Rainbows forced a smile and shook Adriana’s hand. It was an odd gesture, one she didn’t fully understand. It made her feel a little claustrophobic to have a stranger touch her hand. Hands were so… personal. She ate with them, felt with them, touched with them. It seemed strange that Americans were so liberal with their hands.
“Well, it’s very good to meet you now,” Rainbows said, though she had to admit she felt a little slighted by this tall, blonde Barbie with too firm a handshake.
“You too,” Adriana said. “Yuri told me you’re going to all his classes today. That means we get to have history together!”
Yay…. Rainbows didn’t know what to say.
“What are you studying in history?” was all she could think of.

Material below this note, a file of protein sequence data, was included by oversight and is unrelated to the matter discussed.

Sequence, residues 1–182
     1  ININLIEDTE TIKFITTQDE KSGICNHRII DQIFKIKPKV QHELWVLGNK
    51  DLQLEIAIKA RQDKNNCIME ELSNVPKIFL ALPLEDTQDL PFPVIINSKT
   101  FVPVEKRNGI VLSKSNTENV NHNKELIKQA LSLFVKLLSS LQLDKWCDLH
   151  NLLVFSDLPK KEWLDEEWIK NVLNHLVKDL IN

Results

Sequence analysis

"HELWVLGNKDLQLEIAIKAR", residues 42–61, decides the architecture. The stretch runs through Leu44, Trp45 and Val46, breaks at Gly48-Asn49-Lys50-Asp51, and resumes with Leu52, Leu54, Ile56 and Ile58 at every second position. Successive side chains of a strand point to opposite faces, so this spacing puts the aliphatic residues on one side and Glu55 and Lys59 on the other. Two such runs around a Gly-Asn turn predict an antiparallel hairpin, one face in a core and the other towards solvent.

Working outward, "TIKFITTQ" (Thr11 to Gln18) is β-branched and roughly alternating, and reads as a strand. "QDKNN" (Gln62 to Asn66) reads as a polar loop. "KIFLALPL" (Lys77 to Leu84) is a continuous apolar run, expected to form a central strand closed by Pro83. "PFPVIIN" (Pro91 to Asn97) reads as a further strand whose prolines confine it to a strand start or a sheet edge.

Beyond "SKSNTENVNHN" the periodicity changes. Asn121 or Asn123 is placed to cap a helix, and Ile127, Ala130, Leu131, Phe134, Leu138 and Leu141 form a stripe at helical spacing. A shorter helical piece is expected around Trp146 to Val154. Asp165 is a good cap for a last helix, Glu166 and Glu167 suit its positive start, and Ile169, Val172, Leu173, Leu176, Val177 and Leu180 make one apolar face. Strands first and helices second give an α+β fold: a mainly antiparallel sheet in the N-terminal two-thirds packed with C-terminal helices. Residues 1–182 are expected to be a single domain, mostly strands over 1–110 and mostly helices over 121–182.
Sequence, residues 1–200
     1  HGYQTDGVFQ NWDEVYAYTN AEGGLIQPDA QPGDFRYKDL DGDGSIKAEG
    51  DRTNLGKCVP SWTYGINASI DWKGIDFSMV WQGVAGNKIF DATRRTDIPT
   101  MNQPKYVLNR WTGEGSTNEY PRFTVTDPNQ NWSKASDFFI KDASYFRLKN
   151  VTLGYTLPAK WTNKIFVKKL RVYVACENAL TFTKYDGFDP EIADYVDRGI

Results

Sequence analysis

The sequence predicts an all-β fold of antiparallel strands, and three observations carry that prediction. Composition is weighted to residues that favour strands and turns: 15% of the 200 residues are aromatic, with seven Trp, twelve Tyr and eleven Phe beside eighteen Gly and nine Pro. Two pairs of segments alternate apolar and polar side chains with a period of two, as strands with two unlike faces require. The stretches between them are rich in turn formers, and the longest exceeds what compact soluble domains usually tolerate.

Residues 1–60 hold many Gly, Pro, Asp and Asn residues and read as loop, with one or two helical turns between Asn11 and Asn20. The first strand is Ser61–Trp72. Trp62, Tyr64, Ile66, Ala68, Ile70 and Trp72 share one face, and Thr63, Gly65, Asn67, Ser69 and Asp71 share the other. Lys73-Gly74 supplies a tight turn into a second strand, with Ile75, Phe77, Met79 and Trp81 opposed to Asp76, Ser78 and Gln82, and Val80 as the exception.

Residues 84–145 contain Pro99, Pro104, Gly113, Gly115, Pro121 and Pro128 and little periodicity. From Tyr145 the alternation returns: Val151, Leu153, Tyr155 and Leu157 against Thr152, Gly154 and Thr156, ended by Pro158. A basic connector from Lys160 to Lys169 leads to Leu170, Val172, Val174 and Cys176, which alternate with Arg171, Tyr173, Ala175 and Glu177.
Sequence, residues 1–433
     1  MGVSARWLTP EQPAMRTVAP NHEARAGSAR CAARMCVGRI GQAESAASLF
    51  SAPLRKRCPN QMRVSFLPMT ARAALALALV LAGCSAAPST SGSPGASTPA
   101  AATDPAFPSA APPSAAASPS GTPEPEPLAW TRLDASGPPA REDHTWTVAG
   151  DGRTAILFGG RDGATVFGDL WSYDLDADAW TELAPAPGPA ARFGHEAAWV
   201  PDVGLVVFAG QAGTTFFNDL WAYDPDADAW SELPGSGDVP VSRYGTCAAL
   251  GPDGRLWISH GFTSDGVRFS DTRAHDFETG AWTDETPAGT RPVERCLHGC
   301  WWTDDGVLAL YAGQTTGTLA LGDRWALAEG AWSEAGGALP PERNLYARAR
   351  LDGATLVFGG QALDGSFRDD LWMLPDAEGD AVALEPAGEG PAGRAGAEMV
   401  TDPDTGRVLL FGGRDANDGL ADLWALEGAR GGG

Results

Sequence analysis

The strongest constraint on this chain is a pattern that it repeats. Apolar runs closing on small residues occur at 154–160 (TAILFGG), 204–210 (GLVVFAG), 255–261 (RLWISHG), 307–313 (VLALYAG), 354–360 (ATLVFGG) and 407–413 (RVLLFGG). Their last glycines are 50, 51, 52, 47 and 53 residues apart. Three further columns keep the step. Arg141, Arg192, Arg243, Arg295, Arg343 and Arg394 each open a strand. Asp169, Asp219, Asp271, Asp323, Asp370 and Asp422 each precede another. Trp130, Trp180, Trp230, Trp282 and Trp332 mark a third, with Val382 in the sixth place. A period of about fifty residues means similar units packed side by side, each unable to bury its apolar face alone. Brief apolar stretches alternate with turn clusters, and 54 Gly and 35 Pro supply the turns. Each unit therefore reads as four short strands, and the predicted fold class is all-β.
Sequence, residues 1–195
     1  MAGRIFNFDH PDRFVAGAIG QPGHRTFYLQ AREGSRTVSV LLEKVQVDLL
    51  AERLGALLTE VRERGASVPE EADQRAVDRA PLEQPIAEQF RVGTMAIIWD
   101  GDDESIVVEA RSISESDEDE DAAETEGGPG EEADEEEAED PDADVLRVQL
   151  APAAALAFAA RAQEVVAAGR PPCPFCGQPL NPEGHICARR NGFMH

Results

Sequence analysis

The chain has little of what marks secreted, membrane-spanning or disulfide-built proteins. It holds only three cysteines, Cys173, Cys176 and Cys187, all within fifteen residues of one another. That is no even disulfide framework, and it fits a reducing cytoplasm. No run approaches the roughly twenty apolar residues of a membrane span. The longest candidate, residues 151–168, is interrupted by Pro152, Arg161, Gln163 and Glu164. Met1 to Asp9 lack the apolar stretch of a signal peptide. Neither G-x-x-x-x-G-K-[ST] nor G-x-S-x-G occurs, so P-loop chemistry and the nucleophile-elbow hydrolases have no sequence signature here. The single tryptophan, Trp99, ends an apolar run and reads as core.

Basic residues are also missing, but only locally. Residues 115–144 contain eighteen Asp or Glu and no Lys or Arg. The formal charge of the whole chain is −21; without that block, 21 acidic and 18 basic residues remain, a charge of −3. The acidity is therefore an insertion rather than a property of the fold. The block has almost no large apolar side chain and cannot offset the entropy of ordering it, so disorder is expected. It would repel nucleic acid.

Adriana looked at Yuri and shrugged. “The Civil War?” she said.
Yuri laughed. “We’re on John Brown right now,” he said. “The slave trade.”
“Oh, fascinating,” said Rainbows.
Adriana shrugged and dug into the bagel Yuri had ordered. “I guess it’s exciting. Kind of brutal though. I don’t really get why all we study in history is people killing each other.”
“History is always written by the victor,” Rainbows said quietly.
“What was that?” said Adriana.
Rainbows smiled politely and shook her head. She took a sip of her coffee, relishing the way the heat traveled down her throat.
“She said history is always written by the victor,” Yuri said. He smiled at Rainbows, who tried to smile back.
She felt an odd sensation like she might choke on her coffee.